summary : peter, hopeless romantic that he is, has a cache of love letters, all addressed to you, hidden under his bed and expertly crafted. he never anticipated them being read, or the feelings he has for you being returned.
word count : 3.1k (holy fucking hell i’m sorry)
Peter couldn’t help it, the way that he was. He was a romantic at a heart, though the awkwardness of him had a tendency to prevail rather than the confident, smooth talking, small part of him that had a desperate desire to reveal itself. Spider-man was as suave as a fifteen year old boy could be; Peter Parker was awkward, inept at participating in normal, human conversation and often incapable of forming coherent sentences more often than not. He wasn’t the best at talking to people besides Ned and Aunt May and- on occasion- Tony Stark. Especially not you. If there was one person that he turned into an absolute bumbling, ridiculous mess around, it was you. He loathed himself for it, sure that you thought that he was weird, annoying, the same way that anyone who didn’t know him assumed he was.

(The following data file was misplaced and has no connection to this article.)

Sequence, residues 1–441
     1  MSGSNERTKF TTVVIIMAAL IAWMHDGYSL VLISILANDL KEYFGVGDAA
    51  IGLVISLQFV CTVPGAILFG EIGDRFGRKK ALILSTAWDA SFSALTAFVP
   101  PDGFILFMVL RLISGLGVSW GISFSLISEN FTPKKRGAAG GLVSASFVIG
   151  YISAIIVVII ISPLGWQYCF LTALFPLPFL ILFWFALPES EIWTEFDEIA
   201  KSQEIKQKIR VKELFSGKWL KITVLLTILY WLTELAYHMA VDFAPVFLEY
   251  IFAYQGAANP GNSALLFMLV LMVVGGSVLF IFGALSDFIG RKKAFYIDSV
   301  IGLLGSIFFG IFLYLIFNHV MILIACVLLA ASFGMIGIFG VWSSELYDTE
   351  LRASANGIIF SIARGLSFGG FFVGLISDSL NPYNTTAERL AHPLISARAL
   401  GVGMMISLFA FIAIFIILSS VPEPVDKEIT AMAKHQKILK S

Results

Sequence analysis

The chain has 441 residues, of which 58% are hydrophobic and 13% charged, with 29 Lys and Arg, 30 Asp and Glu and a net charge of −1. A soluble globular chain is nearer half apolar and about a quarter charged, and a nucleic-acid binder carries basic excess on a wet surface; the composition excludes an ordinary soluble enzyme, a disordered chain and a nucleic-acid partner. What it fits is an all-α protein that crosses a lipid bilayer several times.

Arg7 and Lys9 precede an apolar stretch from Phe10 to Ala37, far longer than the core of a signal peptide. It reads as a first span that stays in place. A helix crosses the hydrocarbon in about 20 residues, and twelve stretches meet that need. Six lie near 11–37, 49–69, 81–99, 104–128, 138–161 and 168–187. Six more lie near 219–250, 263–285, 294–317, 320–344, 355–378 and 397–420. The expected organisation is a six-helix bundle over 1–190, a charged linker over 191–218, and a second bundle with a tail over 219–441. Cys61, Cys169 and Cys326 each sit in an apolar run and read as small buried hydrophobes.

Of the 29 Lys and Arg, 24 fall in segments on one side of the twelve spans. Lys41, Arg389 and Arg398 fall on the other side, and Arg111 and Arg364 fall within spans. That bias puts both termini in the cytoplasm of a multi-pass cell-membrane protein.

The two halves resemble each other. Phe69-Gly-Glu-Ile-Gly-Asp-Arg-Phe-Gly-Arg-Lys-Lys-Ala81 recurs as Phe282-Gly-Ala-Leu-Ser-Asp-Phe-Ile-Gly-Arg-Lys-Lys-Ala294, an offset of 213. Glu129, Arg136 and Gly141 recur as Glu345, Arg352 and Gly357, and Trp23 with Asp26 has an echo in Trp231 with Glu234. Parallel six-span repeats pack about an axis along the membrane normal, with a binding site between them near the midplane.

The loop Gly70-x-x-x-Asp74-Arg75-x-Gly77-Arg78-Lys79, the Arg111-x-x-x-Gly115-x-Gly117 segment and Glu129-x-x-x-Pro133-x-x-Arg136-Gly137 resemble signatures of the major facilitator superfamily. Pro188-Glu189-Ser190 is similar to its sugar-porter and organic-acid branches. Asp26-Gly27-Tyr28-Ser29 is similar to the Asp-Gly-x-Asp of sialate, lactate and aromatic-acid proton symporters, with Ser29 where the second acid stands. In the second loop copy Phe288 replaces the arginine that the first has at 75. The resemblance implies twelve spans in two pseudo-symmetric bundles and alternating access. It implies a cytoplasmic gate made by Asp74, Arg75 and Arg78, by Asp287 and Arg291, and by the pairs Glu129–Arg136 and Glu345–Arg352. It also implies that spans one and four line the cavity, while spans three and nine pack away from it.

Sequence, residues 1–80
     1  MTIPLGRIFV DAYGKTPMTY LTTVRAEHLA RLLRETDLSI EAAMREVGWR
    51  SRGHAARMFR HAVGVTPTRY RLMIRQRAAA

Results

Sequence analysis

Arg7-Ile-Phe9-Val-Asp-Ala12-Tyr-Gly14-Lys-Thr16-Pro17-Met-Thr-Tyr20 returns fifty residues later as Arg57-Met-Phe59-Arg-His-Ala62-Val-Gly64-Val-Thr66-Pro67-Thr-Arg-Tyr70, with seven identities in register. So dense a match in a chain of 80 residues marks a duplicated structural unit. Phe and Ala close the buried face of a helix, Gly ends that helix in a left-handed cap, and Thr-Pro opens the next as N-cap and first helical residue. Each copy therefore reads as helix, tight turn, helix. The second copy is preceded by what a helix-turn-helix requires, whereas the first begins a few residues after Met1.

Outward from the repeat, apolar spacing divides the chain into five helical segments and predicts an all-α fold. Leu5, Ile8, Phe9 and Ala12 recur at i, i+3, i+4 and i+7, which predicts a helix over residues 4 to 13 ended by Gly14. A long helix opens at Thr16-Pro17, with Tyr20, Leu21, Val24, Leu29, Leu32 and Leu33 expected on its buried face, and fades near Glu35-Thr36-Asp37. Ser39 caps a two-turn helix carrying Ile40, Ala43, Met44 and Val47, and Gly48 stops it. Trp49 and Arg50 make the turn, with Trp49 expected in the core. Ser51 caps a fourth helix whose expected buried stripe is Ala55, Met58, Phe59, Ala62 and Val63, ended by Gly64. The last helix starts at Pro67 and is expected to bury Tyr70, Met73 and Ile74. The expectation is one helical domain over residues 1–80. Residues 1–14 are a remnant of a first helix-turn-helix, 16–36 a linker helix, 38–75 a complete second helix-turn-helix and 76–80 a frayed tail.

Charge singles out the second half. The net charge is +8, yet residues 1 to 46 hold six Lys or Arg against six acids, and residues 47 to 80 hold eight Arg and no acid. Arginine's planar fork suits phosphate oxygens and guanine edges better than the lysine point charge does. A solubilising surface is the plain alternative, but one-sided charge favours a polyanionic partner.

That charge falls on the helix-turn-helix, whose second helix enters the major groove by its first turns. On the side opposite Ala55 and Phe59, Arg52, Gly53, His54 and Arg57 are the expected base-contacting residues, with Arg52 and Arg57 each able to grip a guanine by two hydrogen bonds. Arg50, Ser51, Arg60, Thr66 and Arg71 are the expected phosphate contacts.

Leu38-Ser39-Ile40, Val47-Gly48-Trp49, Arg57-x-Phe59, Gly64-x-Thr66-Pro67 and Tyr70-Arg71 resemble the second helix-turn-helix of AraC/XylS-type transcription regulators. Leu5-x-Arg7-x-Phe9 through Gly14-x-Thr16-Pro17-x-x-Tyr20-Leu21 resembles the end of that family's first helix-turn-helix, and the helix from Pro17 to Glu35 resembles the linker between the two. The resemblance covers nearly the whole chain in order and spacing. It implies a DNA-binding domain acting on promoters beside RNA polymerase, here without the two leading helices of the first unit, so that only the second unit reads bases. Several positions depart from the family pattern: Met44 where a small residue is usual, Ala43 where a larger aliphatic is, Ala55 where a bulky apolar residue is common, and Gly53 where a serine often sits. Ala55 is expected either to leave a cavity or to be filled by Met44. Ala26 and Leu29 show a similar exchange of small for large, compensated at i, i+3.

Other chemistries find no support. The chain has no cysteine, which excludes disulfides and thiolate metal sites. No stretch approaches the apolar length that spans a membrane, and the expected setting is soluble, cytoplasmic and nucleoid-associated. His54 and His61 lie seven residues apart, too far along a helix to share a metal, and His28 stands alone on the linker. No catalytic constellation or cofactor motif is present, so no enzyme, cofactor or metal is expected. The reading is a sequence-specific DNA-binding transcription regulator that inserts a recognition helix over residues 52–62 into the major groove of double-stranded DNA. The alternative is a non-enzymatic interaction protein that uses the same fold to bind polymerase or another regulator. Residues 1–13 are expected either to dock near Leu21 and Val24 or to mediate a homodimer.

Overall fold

Ned, however, continuously insisted that you found Peter to be a sweetheart, like anyone who got to know him well enough did, and that you liked him very much- perhaps more than a friend, though Peter had immediately scoffed at the notion. It was out of the question, downright ludicrous. But, of course, Ned had implanted the idea in Peter’s head, and now the boy’s ever creative mind refused to stop constructing various scenarios in which you were Peter’s girlfriend and he was as happy as he had ever been.
While he had been a perfectly charming boyfriend in each and every one of those little dream sequences of his, he was hopelessly lost for words whenever you approached him, unable to even ask what class you had next, let alone reveal the pure adoration he had been holding on to ever since you had been placed beside him in Bio in your freshman year. You had always been the one to stick up for him and smile at him and treat him like a decent human being, and so of course he fell for you, and now he could barely look you in the eye without his cheeks turning a lovely shade of pink. So, he bottled his feelings and let them out in a way he had never known could help him.